Happy Halloween, everyone.
From Chapter Seven: "An Infestation of Clowns"
The bells hanging from the lobby door jingled when I pushed it open. I blinked in the dim light.
I was surrounded by them. The clowns.
To say that there were “a lot” of them doesn’t quite capture it. While it would be numerically accurate to say the lobby contained over 600 clown dolls, this would also fail to properly capture the horror of the place. Infestation would be a good word. The lobby was infested with clowns.
The first one to greet me was an enormous, shiny Ronald McDonald statue just inside the door. His faded, glazed eyes stared at me inscrutably, his red mouth curled into a smile. He held up a white gloved hand.
I walked past Ronald and saw hundreds of his clown brothers staring down at me from all sides. Stacked on the shelves, dangling from the ceiling, arranged on the floor. Our name is Legion, for we are many, they seemed to say.
Porcelain figurines with delicate features. Plush dolls with rainbow hair. A sad “hobo clown” with a five o’clock shadow. A horned clown face with a handkerchief body, dangling from a nail on the shelf. Grotesque features, deformed hands and feet, mocking grins.
The receptionist from the previous night stood behind the desk, chatting on the phone. How can she remain so calm, I thought, when surrounded by these creatures?
A plastic cage on the desk contained a quintessential “evil clown” doll—red eyes, fangs, claws. This one didn’t even bother me. I was much more disturbed by the clowns with a sly, cocky grin on their face. An evil-looking clown just makes me think of cheap, B-horror films. The quiet, smug grin, however, can only mean one thing: This clown is real, and he thinks about murder all day long.
The receptionist acknowledged my presence with a nod and continued her phone conversation. I stared up at the signed clown photographs behind the desk. One black-and-white clown grinned psychotically, hair disheveled, eyes promising violence and chaos. I took a few steps backwards and bumped into something. It creaked. I turned.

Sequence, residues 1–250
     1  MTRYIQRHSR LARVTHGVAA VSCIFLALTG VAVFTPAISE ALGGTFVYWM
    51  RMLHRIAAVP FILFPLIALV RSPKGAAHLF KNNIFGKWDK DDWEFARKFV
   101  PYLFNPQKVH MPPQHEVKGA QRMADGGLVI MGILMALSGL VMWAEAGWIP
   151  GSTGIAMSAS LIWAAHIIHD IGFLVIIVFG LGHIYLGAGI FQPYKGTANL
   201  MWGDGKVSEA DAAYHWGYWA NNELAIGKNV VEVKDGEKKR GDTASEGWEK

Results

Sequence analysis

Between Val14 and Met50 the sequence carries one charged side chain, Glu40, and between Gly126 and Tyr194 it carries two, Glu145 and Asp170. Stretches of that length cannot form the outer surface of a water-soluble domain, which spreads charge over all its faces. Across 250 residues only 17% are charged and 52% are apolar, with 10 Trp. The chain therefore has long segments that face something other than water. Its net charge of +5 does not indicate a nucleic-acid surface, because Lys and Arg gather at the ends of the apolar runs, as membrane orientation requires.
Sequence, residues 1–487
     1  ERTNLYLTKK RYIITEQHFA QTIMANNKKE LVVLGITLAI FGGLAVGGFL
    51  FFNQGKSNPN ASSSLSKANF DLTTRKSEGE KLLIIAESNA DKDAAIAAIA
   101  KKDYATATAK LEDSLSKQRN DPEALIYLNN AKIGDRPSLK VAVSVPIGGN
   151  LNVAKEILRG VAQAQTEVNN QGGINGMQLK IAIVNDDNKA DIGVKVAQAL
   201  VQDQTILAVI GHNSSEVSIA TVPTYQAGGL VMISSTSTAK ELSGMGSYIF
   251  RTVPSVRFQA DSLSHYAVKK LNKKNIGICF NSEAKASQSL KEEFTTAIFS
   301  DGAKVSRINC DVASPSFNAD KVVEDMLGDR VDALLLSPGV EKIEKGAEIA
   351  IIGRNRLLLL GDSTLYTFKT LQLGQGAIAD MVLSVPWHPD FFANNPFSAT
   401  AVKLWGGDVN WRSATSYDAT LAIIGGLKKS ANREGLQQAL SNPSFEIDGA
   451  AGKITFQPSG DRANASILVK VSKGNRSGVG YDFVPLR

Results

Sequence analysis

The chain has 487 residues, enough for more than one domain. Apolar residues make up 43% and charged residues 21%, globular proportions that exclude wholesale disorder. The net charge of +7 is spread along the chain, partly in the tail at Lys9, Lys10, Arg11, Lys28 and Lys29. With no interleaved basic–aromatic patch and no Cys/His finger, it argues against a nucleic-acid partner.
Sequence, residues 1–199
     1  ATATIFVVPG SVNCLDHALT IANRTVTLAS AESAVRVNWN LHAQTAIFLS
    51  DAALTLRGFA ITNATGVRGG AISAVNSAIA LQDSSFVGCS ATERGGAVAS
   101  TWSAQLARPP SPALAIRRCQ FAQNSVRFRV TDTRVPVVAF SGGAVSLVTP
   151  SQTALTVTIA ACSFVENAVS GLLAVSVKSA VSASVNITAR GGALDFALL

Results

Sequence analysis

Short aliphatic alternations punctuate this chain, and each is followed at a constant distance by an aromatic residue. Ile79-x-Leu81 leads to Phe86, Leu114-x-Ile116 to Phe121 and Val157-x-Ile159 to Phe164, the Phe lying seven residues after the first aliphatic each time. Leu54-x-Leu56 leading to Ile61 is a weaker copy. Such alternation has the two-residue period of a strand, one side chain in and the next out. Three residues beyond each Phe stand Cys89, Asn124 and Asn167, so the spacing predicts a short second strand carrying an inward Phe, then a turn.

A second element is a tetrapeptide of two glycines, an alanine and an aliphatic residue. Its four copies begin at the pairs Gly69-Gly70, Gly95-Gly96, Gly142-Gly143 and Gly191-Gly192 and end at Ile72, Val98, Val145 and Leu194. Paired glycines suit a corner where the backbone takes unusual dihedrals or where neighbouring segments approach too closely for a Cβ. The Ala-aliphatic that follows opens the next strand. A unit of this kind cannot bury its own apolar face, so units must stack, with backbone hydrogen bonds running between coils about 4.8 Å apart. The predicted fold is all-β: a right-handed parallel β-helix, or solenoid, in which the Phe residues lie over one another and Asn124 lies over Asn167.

A high, girlish shriek escaped my throat.
I had bumped into a rocking chair containing the ugliest mannequin I had ever seen. He wore a sheen fabric costume of rainbow stripes, with a matching conical hat. Aside from the red pompom, it could have been a Klansman’s hood. His wooden hands had been painted with eerie realism—detailed knuckles and veins and bones. I squinted, fancying the possibility that they were real, dehydrated human hands.
And the face. Oh God, the face. It was a smooth, waxen figure of indeterminate age. The corners of its crimson mouth turned gently upward, its eyes half-shut in opioid glee. It was the smug smile of Zen-peace-meets-psychopathy.
“Can I help you?” The receptionist held one hand over the receiver.
“I just need to pay for last night. I’m in room twelve.”
She slid the credit card machine across the counter and went back to the phone. I decided I’d ask about the rocking chair clown later on—this was all too much to handle on an empty stomach. I signed the receipt and headed out into the cold morning air, giving one last look over my shoulder.
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